I remember peering into the mirror and wondering why my forehead looks different than my sister’s. I figured it pretty late – almost in 9th grade – it was because I had like an “M” shaped hairline and my sister has a tiny forehead. Add to it her thick and long mane and my thin and short(er) hair.

The list doesn’t end there. All my cousins were, well – well endowed and I got teased mercilessly. They are all fair, including my brother who doesn’t even need to be fair. Come on, he is a guy! I am the only one dark. And not to mention dark skin tans easily. Double whammy!

And a smart alec at school once said “oohhh your sister is so pretty!” And a cousin once said “let the tea steep, just like your complexion”. Imagine, what that did to me (read does to me).

But I was thinner, so I’m still thinner. Yayyy!!! And I’m taller!! Double yayyy!! Actually the tallest amongst all cousins.

But that is no cure for small, nondescript eyes. No long lashes, no peculiar color. That is also no cure for short nails and fat fingers and feet like a washer woman’s. Sigh! My husband’s engagement ring fits me (thankfully not in the ring finger but it fits in “a” finger anyway) and I wear wide toed shoes :/

I may be able to dismiss some of it now, but I was scared what my baby would look like. I wondered if it was a girl, would she be at least as pretty as my niece. Or will she have to live with a prettier cousin too :X I wasn’t worried about anything if it were a boy. It was a girl and yes, she is pretty. And very pretty to me! But I still wish she didn’t have my hair or my feet 😦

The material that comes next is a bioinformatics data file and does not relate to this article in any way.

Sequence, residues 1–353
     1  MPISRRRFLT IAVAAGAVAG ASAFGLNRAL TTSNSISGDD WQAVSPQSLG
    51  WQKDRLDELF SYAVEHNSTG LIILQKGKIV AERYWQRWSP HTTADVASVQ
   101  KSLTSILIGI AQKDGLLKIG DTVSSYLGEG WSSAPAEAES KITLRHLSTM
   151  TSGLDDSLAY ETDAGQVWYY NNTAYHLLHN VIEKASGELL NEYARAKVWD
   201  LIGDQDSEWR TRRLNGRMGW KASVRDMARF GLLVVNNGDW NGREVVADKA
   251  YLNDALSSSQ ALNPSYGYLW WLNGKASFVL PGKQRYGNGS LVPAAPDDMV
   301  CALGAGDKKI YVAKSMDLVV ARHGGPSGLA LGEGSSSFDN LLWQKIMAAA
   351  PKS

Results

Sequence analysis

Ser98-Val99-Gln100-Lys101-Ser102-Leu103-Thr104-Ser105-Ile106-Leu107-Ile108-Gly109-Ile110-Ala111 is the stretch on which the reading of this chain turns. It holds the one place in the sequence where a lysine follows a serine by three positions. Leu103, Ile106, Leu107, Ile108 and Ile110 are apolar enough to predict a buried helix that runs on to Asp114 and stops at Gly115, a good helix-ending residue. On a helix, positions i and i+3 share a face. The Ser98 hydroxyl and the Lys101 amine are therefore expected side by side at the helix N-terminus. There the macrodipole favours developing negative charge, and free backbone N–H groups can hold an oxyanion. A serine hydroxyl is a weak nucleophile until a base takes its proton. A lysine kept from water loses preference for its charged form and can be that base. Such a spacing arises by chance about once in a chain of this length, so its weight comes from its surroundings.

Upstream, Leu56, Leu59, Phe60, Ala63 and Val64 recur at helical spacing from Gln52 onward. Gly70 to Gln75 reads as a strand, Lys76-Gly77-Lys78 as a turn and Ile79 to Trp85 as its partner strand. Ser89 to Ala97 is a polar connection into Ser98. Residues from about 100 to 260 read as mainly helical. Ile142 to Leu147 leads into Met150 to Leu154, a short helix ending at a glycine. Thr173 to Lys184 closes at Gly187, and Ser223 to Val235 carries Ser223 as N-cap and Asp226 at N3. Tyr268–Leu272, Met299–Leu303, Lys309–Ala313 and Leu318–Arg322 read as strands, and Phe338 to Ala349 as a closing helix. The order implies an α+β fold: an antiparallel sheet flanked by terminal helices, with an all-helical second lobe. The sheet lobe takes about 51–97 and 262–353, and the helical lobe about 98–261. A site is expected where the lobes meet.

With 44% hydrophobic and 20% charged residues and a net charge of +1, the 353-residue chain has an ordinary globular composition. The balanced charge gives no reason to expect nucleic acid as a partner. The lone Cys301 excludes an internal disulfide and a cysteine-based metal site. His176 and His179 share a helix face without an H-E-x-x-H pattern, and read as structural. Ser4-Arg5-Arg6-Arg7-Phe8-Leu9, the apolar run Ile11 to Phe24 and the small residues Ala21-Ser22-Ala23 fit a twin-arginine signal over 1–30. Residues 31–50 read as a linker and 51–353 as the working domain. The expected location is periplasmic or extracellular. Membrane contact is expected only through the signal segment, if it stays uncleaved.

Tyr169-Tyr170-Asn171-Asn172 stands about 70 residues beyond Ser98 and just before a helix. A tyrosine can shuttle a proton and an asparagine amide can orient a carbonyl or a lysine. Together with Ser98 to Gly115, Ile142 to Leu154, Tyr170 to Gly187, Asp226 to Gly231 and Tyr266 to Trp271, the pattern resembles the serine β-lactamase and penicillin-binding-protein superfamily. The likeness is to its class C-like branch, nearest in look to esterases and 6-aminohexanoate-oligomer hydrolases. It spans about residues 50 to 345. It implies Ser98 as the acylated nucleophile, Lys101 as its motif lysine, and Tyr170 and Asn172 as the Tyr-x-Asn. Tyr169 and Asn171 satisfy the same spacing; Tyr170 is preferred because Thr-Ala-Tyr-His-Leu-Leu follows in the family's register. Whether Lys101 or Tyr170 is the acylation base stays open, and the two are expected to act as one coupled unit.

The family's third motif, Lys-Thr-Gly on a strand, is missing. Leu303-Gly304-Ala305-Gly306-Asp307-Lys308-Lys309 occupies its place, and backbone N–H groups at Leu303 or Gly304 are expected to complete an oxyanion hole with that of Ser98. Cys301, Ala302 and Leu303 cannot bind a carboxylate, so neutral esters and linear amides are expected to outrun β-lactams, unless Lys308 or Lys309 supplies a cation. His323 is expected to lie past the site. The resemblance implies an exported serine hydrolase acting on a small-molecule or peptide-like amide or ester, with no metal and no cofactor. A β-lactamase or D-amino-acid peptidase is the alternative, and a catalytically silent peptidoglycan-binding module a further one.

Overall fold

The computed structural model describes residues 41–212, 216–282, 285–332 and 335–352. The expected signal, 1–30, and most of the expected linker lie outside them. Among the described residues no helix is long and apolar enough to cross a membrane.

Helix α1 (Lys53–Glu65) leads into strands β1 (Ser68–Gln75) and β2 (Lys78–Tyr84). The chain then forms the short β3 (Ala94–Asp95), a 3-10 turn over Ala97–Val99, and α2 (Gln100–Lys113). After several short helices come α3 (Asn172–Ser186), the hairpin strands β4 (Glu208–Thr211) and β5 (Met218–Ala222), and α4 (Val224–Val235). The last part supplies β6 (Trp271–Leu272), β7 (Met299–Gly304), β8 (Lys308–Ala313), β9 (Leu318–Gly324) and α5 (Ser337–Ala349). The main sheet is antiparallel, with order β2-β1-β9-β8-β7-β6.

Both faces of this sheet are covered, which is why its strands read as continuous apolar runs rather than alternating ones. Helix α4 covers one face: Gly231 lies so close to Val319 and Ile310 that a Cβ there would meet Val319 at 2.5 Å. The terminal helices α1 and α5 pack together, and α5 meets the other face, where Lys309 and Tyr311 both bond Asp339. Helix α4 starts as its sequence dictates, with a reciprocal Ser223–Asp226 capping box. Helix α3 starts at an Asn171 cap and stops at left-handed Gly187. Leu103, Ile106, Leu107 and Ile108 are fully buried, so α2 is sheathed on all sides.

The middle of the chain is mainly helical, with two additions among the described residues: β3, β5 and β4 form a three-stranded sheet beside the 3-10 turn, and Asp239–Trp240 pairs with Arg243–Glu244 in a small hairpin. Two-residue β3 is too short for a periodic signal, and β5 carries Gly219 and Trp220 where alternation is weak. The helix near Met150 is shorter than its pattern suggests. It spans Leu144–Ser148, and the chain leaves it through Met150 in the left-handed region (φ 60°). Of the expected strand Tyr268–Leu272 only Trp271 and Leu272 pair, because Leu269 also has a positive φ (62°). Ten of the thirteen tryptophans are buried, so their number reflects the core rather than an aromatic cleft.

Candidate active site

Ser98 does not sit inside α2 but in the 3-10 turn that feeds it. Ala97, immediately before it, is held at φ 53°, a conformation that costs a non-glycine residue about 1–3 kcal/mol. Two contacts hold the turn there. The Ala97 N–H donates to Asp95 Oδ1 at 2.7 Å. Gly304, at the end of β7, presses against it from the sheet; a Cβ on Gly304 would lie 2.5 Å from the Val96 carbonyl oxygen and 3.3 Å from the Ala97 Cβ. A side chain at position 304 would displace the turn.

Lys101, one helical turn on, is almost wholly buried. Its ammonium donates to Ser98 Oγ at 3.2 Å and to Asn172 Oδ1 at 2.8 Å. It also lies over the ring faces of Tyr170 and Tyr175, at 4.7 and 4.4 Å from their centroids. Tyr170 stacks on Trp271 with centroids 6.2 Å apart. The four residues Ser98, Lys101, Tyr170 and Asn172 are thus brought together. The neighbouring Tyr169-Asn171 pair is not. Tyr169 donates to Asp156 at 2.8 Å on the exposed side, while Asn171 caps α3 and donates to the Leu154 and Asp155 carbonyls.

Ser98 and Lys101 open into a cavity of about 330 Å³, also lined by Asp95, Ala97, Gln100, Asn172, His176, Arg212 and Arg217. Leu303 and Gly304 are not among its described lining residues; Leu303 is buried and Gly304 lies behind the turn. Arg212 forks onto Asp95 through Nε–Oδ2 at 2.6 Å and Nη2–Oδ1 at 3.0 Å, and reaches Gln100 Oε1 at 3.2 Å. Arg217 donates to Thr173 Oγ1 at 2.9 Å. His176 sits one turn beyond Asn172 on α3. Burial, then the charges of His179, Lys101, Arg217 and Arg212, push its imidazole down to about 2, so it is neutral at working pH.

I shouldn’t have had to worry about all these things growing up. Kids can be mean to each other and so can be the grown ups. I heard my aunts giving fairness tips to my mother for me. I heard both genders snicker behind my back about how “thin” I was. I still feel dark, not so beautiful and not enough. Add to it prematurely grey and with a wall to wall carpet of my falling hair. I took away all the mats from my bathroom – let us just say it’s easier to clean now.

What I do does not matter, what I’m capable of doesn’t matter. All that matters is what I’m not – because of things that I don’t and didn’t control. I’d feel that I’ve reversed the damage, if my pretty daughter grows up without putting another girl down for her physical attributes. I’d stand avenged.